... work on 18GA continues slowly yet surely.

Very nice, DanyBoy. Makes me want to fire up the old 1830 pc game in Dosbox.

Dreaded Gazebo wrote:

Got my first play of Here I Stand in this weekend.

Gazebo, I'm by no means an expert on HIS, but I've rarely seen anyone really get screwed by the deck that badly. Of course, every player can get sub-par hands that they can't trade or diplome their way out of, but for the Papal player to win that quickly means something was off.

Did the Papal player besiege Florence? That's 3-4 impulses right there, if all goes well. He had to play one card for the Diet of Worms, and he only starts with three plus his two home cards. Starting at 19 points, he needs six for the auto win, which is St. Peter's plus Florence. St. Peter's is 25 CP's to complete, which means he was playing both his home cards, or equivalents, every turn. It also means that the Prot wasn't converting any areas at all, since their relationship is zero sum. A Domination victory cannot take place until Turn 4 at the earliest.

Not saying it can't happen, but it means that the Papal player had a fistful of high cards and the Protestant, in three turns, took barely anything.

I would have thought you'd have enjoyed playing the Ottomans and sacking Hungary. How far did you get towards Vienna?

Natus wrote:

Not saying it can't happen, but it means that the Papal player had a fistful of high cards and the Protestant, in three turns, took barely anything.

That's pretty much what happened; the Protestant player was getting incredibly low-valued hands, especially in that third round. I think the problem was that us first-time players didn't catch on to the implications of that, the Protestant player didn't think his hand was game-endingly bad and the experienced player was a bit too distracted to fully see what was happening. I have no doubts future Protestant players will be more aware of their positioning.

Natus wrote:

I would have thought you'd have enjoyed playing the Ottomans and sacking Hungary. How far did you get towards Vienna?

I was in Buda and preparing to knock on Vienna's doorstep, but a rookie mistake on my part let the Hapsburgs reclaim Belgrade. That basically set me back one round which would've been a bummer had the game kept going but was certainly recoverable. I did enjoy sacking stuff, but the problem is that over three turns I look over two spots on the map. Not much landscape change for the time investment. I also completely failed at pirating as the Hapsburg player went all in to stop me. Like I said, I enjoy games where the map changes quite a bit, so while those two keys were very important for me it didn't feel particularly exciting.

Games like this are always tough to judge after a single play though. Most everyone seemed interested in playing again soon while the basics are fresh in our memory. I'll certainly report back if I hop in a second play

shoptroll wrote:

Also, Rio Grande finally settled on a December 2012 release date for Race for the Galaxy: Alien Artifacts! Plus they announced a Q2 2013 for Roll for the Galaxy which is a dice based spinoff that's been in the works for a while now.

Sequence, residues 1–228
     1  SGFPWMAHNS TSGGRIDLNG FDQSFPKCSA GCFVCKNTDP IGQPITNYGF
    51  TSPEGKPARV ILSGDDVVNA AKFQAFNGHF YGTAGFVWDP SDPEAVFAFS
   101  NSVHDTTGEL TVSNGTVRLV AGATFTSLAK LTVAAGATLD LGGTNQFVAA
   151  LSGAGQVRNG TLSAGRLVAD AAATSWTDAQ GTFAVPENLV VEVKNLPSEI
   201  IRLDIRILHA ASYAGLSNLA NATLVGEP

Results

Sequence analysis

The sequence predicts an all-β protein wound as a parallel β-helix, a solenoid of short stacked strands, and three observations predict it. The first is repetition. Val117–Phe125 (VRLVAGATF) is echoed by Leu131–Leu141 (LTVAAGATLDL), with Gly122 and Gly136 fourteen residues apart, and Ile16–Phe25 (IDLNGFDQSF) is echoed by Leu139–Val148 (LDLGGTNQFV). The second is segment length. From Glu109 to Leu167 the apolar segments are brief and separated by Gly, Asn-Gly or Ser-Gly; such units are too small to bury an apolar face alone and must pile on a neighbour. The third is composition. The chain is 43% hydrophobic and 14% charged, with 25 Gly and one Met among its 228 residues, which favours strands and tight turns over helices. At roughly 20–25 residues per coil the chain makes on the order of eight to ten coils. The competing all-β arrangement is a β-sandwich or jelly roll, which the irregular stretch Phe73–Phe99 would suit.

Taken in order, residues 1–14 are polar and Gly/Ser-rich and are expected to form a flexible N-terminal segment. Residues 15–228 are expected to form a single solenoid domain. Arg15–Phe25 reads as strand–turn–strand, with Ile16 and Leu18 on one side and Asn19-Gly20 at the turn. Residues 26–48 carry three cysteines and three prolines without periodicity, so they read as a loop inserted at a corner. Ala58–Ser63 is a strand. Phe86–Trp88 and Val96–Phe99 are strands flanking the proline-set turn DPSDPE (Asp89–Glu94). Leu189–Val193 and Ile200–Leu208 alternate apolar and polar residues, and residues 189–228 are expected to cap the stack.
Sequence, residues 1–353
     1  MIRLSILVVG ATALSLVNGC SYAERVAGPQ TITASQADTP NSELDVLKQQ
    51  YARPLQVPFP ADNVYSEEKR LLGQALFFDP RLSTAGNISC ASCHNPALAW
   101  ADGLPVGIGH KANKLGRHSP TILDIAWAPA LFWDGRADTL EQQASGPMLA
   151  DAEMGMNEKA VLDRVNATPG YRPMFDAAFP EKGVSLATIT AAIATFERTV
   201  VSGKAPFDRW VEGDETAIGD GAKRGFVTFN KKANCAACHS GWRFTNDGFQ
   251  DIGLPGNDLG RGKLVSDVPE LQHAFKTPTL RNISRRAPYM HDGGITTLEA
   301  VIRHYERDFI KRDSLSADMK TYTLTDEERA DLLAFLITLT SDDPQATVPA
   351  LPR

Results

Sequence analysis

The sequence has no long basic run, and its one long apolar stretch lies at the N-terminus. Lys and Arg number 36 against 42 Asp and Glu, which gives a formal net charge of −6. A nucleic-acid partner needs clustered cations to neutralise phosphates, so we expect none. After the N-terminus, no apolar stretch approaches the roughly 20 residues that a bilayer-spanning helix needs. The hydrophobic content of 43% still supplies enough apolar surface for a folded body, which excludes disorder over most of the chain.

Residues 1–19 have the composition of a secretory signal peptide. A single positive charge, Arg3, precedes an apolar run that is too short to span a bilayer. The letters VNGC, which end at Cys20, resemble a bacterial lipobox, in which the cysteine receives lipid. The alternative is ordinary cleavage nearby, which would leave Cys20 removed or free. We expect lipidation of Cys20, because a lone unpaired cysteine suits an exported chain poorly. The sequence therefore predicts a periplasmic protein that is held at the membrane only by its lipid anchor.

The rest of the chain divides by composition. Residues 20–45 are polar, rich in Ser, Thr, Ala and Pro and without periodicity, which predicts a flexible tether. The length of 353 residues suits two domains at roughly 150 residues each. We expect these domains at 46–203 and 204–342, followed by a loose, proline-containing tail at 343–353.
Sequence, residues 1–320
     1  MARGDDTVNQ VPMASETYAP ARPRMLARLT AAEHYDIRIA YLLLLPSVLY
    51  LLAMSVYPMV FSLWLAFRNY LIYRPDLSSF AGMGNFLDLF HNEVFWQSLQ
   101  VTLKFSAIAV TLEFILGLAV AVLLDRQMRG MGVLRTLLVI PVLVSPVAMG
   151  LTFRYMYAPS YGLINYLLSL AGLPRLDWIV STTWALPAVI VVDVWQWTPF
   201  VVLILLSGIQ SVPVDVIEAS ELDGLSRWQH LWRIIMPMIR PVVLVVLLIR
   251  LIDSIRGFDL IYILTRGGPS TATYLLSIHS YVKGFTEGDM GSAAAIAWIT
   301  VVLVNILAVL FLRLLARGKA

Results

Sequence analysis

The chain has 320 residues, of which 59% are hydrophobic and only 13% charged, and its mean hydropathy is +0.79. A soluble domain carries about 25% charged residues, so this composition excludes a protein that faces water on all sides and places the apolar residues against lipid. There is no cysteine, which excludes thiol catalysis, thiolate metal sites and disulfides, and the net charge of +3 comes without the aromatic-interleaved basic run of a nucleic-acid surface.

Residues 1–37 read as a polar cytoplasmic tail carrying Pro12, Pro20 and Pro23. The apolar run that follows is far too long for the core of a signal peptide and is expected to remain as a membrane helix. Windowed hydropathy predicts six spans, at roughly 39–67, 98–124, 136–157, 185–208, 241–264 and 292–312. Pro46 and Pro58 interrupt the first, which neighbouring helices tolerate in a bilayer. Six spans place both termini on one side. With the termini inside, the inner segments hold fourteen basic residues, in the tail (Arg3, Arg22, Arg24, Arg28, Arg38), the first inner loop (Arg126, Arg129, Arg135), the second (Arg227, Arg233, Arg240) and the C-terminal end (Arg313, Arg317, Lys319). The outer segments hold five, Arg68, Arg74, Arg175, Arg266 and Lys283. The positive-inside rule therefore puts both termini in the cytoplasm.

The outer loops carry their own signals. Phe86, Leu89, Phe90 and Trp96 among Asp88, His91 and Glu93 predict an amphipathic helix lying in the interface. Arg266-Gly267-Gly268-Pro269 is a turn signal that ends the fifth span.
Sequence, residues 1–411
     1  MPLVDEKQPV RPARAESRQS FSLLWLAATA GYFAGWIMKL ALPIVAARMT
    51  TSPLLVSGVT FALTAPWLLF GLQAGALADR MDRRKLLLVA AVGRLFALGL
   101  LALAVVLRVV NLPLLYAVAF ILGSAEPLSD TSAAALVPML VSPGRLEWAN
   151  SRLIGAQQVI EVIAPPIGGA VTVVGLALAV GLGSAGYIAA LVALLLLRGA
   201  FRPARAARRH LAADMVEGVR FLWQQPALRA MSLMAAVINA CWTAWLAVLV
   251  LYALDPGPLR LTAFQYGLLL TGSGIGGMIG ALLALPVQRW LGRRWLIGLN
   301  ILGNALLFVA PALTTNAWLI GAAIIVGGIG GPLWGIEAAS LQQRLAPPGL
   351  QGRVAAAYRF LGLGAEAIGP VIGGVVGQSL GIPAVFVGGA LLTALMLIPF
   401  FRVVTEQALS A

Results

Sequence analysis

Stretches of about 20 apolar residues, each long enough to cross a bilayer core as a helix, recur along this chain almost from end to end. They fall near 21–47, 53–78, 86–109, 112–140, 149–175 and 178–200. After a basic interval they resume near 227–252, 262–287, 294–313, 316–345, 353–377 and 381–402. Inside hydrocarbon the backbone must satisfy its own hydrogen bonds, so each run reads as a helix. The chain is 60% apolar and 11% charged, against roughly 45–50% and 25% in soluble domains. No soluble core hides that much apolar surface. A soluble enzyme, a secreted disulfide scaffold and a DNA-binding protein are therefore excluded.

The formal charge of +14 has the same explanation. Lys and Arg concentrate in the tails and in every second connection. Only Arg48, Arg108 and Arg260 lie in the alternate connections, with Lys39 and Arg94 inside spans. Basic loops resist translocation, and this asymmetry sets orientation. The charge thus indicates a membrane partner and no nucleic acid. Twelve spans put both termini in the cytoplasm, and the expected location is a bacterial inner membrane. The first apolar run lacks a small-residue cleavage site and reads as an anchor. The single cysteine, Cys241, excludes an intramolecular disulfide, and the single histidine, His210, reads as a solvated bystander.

Finally! I have high hopes for this one. The first expansion was ok, the second was really underwhelming and I didn't even try the third, but the reboot sounds like a nice twist on the game that'll really bring something new to the table. I'll wait and see about a dice game though, the basic RftG core gameplay is going to be hard to match in any meaningful way with dice.

I've been roped into a game of Twilight Imperium on Saturday. Yeah, my arm is totally sore from all the twisting.

It's going to be a little different than usual, though. The game is full up with 8 experienced players. Each of those guys will have a newb to teach/coach/collaborate with through the game. The hope is to end up with more players willing to do this again.

I am one of the newbs. Does anyone have any good resources to study up with on hand? I'll be looking around myself, but I thought you guys might have some ready reference you would be willing to share.

Wish me luck, and hopefully Itsatrap is still speaking to me on Sunday

Shut Up & Sit Down somewhat recently did an LP of TI. Haven't watched it but it might give a good idea of what to expect.

momgamer wrote:

I've been roped into a game of Twilight Imperium on Saturday. Yeah, my arm is totally sore from all the twisting.

It's going to be a little different than usual, though. The game is full up with 8 experienced players. Each of those guys will have a newb to teach/coach/collaborate with through the game. The hope is to end up with more players willing to do this again.

I am one of the newbs. Does anyone have any good resources to study up with on hand? I'll be looking around myself, but I thought you guys might have some ready reference you would be willing to share.

Wish me luck, and hopefully Itsatrap is still speaking to me on Sunday

Here's a brief primer on TI.

shoptroll wrote:

Shut Up & Sit Down somewhat recently did an LP of TI. Haven't watched it but it might give a good idea of what to expect.

Lord I really want to play that game, but damn 5 or 6 turns and it takes seven hours?! I will never get a chance to try it, but damn it's beautiful sounding.

We played Escape yesterday and I liked it. Mostly because frantic dice rolling. It's really hard to coordinate with people though.